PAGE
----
First, I’m gonna need you to stop telling Black people to get over slavery. Aside from how the legacy of slavery continues to impact Black people — from wealth disparities to health outcomes — those who can’t let go of a government that was defeated 155 years ago are in no position to tell others to get past the past.

Especially when I can see some-a-y’all driving around with this on your bumper:

Image (edited): from Waldo Jaquith, Flickr

Also, you’re gonna need to stop with all that stuff about how the Republicans “are the party of Lincoln,” while the Democrats were the party of slaveholders and the Confederacy. First off, everyone except Candace Owens and some Russian bots on Twitter knew that already. Second, it’s conservative Republicans — and damned sure not liberal Democrats — defending that flag and those statues today. You and your compatriots are the ones intent on honoring the Confederacy. You’re the ones unfurling that flag at Trump rallies. You own that now. We all know who the Republicans and Democrats were. The Dodgers used to be in Brooklyn, too. Shit changes. Keep up, Cooter.

In closing, I’d like to believe we both love the South because it’s a fantastic place, from which soil some of the finest freedom fighters in this or any nation’s history have been birthed. But we do not both love it, and the persons you revere are not those freedom fighters.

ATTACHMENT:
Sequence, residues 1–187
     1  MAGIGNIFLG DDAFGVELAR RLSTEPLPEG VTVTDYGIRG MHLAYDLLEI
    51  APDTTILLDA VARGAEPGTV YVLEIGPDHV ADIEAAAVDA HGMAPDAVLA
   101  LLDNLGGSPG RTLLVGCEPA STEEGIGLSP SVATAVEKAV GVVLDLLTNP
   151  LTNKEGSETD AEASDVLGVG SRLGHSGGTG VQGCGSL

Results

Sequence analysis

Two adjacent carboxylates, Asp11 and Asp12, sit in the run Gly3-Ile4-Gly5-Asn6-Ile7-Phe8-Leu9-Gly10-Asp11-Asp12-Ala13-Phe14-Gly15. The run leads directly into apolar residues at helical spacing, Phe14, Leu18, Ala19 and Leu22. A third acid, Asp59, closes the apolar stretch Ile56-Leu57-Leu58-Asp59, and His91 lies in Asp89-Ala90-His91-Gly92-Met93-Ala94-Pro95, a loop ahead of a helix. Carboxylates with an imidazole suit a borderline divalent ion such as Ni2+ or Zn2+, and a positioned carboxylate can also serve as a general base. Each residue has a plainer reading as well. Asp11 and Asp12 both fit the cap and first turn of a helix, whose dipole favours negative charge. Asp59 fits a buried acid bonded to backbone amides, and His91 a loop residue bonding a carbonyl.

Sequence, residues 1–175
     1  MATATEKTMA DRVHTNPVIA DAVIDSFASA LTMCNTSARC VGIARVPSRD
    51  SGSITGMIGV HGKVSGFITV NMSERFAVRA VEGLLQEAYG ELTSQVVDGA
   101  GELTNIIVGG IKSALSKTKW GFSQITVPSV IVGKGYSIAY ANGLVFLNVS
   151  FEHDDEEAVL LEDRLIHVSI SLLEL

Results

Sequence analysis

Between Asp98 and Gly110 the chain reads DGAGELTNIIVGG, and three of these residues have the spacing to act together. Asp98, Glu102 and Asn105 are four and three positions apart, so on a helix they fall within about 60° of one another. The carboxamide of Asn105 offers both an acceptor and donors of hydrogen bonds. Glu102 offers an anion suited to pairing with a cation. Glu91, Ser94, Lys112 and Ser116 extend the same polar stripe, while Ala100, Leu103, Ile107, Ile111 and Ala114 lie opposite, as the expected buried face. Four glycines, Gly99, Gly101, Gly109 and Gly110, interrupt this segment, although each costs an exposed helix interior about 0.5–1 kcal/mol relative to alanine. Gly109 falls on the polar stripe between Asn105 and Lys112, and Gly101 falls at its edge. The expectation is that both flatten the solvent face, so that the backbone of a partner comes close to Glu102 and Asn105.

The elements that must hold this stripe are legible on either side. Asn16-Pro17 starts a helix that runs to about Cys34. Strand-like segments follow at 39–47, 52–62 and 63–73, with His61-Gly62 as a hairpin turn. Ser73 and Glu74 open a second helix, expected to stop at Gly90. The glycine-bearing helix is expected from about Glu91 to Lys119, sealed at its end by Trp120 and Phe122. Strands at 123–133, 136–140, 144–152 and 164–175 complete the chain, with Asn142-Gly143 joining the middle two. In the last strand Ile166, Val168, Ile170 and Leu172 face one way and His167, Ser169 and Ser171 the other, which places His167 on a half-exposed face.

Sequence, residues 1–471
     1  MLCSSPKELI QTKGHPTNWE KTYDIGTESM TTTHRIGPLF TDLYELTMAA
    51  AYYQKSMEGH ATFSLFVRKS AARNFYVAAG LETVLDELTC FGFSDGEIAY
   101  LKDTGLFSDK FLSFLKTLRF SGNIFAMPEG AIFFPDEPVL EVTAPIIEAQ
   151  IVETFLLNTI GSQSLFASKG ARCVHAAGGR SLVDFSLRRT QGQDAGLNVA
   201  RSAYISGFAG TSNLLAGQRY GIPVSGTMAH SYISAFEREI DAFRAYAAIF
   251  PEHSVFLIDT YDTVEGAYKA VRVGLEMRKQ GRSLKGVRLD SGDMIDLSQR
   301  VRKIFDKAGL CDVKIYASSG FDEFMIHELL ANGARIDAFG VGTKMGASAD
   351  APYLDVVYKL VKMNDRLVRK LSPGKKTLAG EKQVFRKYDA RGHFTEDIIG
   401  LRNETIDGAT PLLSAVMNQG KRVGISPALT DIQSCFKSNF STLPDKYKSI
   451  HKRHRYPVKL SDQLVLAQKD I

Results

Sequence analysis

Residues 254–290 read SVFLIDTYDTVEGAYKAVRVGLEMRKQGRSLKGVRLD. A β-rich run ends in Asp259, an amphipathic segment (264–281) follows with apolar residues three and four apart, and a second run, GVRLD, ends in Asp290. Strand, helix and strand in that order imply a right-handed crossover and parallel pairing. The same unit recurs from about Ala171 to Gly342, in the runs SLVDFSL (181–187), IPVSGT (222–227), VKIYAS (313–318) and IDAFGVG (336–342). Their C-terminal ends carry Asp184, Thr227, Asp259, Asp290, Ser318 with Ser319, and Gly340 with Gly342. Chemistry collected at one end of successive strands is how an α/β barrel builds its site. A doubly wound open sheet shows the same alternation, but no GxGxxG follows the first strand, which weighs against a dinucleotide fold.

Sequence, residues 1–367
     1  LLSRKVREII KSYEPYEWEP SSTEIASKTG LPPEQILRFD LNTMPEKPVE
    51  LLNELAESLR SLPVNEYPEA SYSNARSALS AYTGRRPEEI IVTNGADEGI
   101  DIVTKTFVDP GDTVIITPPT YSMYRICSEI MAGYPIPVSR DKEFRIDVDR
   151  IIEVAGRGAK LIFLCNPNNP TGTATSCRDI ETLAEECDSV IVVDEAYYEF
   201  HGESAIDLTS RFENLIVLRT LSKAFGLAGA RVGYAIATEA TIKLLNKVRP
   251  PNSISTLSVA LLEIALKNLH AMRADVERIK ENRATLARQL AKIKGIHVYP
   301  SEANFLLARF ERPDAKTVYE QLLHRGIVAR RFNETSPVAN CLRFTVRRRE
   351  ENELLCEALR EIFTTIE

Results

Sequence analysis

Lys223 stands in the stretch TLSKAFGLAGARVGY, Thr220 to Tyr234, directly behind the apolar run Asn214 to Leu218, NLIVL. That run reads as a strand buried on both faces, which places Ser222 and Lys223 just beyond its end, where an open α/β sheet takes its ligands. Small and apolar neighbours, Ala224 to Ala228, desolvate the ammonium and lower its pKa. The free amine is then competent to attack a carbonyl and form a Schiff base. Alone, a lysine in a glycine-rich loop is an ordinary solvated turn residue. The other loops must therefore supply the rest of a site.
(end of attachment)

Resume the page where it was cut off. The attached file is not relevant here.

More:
Your South is cramped and narrow and reactionary and backward-looking and sad — it is a South of losers, then, now and always. Mine is open and inviting and forward-looking and confident. Open to equity and justice for those who were here all along, inviting to newcomers who seek to make it home, and confident that just as those who believed in freedom kicked your version’s ass a century and a half ago, so too will the forces of liberation steamroll you this time.

So let’s get out the cranes and jackhammers, and get to work.

I’m an antiracism educator/author. My latest book is Dispatches from the Race War (City Lights, December 2020). I post audio at